SEARCH

SEARCH BY CITATION

Keywords:

  • Kidney transplantation;
  • residual native kidney proteinuria;
  • source of post-transplant proteinuria

Abstract

  1. Top of page
  2. Abstract
  3. Introduction
  4. Materials and Methods
  5. Results
  6. Discussion
  7. References

To assess the contribution of the protein content of urine from the native kidneys to post-transplant proteinuria, we prospectively studied 14 live donor transplant recipients with a pre-transplant random urine protein to creatinine ratio (UPr:Cr) >0.5. Seven patients received preemptive transplants, and seven patients were on dialysis pre-transplant (with residual urine output). Resolution of proteinuria was defined as UPr:Cr < 0.2. Immunosuppression consisted of tacrolimus, mycophenolate mofetil and corticosteroids. Anti-hypertensive drugs that might reduce proteinuria were avoided during the study. The serum creatinine was 8.7 ± 0.7 mg/dL pre-transplant, and the nadir post-transplant serum creatinine was 1.4 ± 0.1 mg/dL. The pre-transplant UPr:Cr ranged between 0.5 and 9.2 (mean = 2.9 ± 0.6). The UPr:Cr decreased to <0.2 in all 14 patients at a mean of 4.5 weeks post-transplant (range 1–10 weeks). In conclusion, in live donor renal transplant recipients with immediate graft function, proteinuria of native kidney origin resolves in the early post-transplant period. After the immediate post-transplant period, proteinuria cannot be attributed to the native kidneys, and work up for proteinuria should focus on the allograft.


Introduction

  1. Top of page
  2. Abstract
  3. Introduction
  4. Materials and Methods
  5. Results
  6. Discussion
  7. References

Recent studies have shown the advantage of preemptive renal transplantation over transplantation after dialysis for both patient and allograft survival. In addition, the duration of dialysis preceding renal transplantation has been shown to be an independent risk factor for inferior post-transplant outcomes (1–3). As a result, an increasing proportion of patients with end-stage renal disease are now receiving preemptive transplants, and transplant programs are also attempting to minimize the period of dialysis pre-transplant.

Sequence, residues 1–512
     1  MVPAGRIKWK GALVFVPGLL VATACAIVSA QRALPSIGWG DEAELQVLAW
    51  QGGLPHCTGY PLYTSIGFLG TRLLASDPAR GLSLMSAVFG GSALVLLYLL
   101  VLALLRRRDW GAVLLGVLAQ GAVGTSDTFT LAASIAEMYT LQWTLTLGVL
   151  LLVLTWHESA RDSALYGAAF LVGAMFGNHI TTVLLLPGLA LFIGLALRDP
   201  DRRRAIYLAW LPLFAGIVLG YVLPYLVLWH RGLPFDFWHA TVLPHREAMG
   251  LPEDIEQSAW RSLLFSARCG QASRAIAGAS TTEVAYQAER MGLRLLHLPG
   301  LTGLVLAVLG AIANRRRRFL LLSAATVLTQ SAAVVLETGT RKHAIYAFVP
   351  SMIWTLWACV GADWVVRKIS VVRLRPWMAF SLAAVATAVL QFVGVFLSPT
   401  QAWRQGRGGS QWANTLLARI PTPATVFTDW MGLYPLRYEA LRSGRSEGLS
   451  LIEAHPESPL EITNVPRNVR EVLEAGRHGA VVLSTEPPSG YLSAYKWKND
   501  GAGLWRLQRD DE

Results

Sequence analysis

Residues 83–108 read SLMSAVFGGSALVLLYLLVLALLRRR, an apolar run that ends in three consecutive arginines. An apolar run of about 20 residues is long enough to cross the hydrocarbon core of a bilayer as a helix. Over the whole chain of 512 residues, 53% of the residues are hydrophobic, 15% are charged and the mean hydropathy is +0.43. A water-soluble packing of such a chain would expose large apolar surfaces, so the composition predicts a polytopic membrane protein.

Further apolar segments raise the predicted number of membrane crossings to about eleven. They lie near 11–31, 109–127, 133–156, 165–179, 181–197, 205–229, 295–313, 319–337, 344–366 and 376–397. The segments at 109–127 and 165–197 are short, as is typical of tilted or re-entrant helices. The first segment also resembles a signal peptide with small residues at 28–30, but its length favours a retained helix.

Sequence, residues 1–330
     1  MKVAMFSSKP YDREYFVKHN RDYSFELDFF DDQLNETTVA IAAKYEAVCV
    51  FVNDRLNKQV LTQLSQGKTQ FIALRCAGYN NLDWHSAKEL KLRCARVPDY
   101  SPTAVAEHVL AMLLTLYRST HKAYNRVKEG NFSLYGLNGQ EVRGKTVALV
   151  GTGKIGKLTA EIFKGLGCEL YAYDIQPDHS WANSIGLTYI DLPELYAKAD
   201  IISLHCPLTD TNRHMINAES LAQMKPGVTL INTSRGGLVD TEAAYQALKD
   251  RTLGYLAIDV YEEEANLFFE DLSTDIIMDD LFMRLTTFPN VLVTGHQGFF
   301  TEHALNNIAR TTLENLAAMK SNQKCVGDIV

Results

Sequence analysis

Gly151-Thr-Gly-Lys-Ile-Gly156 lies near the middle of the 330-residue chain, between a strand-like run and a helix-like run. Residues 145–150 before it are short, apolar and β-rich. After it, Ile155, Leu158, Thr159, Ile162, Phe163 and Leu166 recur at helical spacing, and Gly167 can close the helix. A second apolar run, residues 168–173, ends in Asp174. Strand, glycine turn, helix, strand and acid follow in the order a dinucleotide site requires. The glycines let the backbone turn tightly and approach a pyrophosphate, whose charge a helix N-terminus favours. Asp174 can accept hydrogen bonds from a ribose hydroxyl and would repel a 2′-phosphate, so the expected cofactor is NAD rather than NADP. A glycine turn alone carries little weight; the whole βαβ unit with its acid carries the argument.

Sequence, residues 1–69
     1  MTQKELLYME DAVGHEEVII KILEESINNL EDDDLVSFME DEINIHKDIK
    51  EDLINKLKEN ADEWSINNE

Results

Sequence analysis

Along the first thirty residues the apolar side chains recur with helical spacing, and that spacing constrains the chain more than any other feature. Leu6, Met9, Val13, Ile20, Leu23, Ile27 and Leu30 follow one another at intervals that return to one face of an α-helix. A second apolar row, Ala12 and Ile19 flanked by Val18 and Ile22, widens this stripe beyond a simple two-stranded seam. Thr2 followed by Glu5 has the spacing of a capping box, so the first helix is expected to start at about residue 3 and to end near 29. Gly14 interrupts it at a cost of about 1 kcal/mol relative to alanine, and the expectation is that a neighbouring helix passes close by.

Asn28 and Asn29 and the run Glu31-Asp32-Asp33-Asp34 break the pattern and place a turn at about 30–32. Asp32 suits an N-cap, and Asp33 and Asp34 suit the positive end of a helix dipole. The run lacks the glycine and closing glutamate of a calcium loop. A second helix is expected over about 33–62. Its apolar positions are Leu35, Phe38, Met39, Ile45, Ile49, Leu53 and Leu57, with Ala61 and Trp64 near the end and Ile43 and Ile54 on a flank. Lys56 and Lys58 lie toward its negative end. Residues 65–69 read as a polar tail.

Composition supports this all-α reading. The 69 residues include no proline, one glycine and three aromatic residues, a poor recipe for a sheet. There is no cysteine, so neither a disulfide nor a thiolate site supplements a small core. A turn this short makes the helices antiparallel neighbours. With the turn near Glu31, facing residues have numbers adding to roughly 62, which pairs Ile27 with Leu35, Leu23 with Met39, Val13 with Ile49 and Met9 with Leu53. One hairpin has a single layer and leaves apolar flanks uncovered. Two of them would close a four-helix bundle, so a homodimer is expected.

Preemptively transplanted patients and patients receiving transplants after being on dialysis only for a short time usually have significant residual native renal function and urine output. The mean glomerular filtration rate (GFR) has been reported to be 9.9 mL/min at the time of preemptive transplantation (3). At this level of GFR, the urine output from the native kidneys is well maintained and contains increased amounts of protein as a result of the native renal disease. The source of proteinuria following renal transplantation could, therefore, be the diseased native kidneys with residual urine output or the transplanted kidney affected by a variety of disorders such as delayed graft function, various forms of rejection, calcineurin-inhibitor nephrotoxicity and recurrent or de novo renal diseases (4,5). Delineation of the source of proteinuria (native kidneys versus allograft) is important for appropriate management.

The aims of our study were to determine the course of proteinuria of native kidney origin following transplantation and to identify the post-transplant period beyond which proteinuria cannot be attributed to the native kidneys.

Materials and Methods

  1. Top of page
  2. Abstract
  3. Introduction
  4. Materials and Methods
  5. Results
  6. Discussion
  7. References

Patients

We prospectively evaluated 14 live donor renal transplant recipients. Seven of these patients received preemptive transplants and the other seven patients received transplants (with residual native urine output) after a period of dialysis ranging from 3 to 24 months. The study was approved by our institutional review board.